I wrote this poem for an occasion, to be read at the Penny Lane Coffeehouse in downtown Evansville, Indiana. I then sent a copy of it to a dear friend. She said she loved it. Something in her letter (by e-mail, of course) prompted me to respond in kind. Perhaps the letter itself read after the poem will be an interesting combination. If you think so, let me know.
Also, this poem is experimental and even a bit risqué. At first it's a kind of self-parody, but then it takes on a kind of seriousness. I hope my readers will see it that way, too.

A Poem and a Letter

Steven C. Scheer

With a Song in my Heart

At times a bit of melody gets stuck in your head.
Or is it the heart that lodges these fragments
Of elusive strains we find outselves
Unable to resist?

Wordsworth once carried a tune like that,
Long after it was heard no more.
Yon solitary Highland lass:
Stop here and check her ass.
Our hearts they beat as one,
No more love on the run.

Oh, these fragments of incorruptible truths.
Whoever loved that loved not at first sight?
Bare ruined choirs where late the sweet birds sang.
How much wood would a woodchuck chuck
If a woodchuck could chuck wood?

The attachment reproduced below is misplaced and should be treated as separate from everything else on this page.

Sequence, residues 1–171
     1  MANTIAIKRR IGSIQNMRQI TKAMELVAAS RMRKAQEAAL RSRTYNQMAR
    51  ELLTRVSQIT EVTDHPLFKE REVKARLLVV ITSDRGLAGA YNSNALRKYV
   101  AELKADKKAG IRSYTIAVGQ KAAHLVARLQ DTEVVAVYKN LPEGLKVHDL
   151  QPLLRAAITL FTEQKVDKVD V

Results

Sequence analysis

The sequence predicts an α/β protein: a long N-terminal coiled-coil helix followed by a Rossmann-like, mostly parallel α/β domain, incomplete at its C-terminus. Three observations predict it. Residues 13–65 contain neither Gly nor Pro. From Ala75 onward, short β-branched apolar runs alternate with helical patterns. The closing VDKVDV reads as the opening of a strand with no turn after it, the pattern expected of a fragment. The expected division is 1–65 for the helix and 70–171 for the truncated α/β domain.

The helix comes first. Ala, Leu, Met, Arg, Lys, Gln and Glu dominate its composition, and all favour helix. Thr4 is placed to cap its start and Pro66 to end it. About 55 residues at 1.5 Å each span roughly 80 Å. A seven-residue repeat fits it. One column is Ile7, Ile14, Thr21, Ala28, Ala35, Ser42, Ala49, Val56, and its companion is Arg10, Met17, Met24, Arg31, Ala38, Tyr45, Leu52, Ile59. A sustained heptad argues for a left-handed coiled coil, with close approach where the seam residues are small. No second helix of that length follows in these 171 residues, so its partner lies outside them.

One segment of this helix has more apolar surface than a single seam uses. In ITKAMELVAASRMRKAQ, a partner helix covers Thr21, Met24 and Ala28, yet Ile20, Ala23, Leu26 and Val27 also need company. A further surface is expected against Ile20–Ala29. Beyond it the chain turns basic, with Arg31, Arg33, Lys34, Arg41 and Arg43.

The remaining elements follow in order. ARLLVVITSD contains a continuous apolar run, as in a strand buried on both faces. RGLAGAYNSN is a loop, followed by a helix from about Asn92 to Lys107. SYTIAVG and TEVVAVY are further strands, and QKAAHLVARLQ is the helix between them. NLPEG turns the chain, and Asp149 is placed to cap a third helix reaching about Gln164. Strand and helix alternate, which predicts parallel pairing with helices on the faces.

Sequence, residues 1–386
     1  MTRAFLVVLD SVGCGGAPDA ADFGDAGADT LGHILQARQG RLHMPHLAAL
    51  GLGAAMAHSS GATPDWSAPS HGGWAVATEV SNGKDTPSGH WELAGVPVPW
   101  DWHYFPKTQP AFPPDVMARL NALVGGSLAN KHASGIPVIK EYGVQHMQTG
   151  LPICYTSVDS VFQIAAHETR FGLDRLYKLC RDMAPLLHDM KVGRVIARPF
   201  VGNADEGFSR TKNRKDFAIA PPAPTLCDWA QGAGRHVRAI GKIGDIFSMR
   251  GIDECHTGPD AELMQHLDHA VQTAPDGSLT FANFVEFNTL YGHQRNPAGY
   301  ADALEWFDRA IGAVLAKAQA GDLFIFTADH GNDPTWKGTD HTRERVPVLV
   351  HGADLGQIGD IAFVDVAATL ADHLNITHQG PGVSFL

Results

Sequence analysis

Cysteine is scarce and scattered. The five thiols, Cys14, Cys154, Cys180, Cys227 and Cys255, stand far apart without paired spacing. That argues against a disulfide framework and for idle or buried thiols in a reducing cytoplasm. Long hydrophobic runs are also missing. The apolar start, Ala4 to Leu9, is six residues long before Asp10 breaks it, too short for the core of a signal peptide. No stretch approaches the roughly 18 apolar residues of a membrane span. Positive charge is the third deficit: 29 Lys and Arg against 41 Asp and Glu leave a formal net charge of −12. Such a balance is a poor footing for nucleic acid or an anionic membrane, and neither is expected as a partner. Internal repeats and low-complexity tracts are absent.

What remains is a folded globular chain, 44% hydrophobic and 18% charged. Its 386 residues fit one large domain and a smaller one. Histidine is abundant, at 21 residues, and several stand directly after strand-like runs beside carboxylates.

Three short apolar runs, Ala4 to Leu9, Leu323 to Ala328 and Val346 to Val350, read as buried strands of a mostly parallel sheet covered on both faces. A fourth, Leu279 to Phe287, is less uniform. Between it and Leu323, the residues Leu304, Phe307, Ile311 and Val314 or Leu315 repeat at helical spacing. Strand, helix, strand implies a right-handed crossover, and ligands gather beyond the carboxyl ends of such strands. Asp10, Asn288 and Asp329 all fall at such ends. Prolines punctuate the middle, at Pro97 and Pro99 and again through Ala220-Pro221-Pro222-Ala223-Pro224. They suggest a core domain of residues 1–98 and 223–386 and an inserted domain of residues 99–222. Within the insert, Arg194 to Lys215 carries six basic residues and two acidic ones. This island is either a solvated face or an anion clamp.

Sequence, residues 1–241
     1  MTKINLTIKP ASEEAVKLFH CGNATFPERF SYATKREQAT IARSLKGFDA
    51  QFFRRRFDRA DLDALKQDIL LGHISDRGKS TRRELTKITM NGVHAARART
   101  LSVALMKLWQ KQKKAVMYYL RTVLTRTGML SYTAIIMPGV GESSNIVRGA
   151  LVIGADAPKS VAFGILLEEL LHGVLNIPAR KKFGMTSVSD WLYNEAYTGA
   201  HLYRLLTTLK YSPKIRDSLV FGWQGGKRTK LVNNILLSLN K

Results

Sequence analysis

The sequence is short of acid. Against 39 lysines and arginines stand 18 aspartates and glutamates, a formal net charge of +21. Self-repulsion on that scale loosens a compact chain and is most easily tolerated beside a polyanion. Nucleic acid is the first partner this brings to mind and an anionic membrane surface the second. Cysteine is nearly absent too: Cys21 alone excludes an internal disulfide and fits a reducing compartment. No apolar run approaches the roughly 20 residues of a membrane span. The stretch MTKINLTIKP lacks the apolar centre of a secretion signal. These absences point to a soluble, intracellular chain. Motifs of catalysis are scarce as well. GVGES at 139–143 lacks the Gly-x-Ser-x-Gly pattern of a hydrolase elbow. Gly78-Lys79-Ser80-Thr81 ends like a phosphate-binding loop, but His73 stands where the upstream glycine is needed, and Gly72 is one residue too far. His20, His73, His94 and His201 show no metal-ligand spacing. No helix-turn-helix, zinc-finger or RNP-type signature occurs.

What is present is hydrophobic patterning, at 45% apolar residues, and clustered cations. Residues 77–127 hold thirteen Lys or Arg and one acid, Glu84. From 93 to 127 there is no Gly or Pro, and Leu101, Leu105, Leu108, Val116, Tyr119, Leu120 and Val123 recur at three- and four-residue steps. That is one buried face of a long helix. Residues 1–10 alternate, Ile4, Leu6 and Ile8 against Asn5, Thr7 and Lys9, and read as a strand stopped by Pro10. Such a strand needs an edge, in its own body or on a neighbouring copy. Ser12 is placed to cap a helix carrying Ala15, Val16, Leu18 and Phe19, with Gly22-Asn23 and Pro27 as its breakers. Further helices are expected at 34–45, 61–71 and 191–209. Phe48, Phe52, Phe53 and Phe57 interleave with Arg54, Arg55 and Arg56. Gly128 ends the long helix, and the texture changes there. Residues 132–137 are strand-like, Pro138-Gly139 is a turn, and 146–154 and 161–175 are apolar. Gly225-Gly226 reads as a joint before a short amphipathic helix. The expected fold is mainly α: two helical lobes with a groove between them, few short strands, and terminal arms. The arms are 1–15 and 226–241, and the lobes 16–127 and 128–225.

With insatiable urgency I search for phrases,
While bits and pieces of disconnected words
Lodge in the chemical currents of the idle brain,
As I dream of dreaming dreams,
For the only true paradise is paradise lost.

These fragments, these persistent lines,
These bits and pieces of consciousness interrupted,
These tidbits in foreign languages,
Can lose your way in the midst of life:
Nel mezzo del cammin di nostra vita,
Abandon All Hope Ye Who Enter Here!

But it is love at first sight that flusters me now.
Or the moment when Edna St. Vincent Millay says:
Read me, do not let me die!
Or when D.H. Lawrence claims that only the loving
Find love and they never have to search for it.

Our paths may be strewn with the sure signs of
Obliteration, but it is in the solemn surprise
Of that surpassingly seductive singularity
When a woman's presence, her face and her body,
Rudely interrupts the smooth flow of life
(For me in particular when her
Breasts are nice and small and her ass big -
For a woman without a big ass
Cannot have a generous nature).

This solemn surprise of surpassingly seductive singularity,
I repeat, undoes me quite, in spite of its innocence.
Damn! Why must I fall in love every time
I go to the supermarket?
Or every time I come to read a poem
At the Penny Lane Coffeehouse?
And always with the same woman?
In cunning disguise as a different person?

With a song in my heart
I behold your adorable face.

Golden lads and girls all must,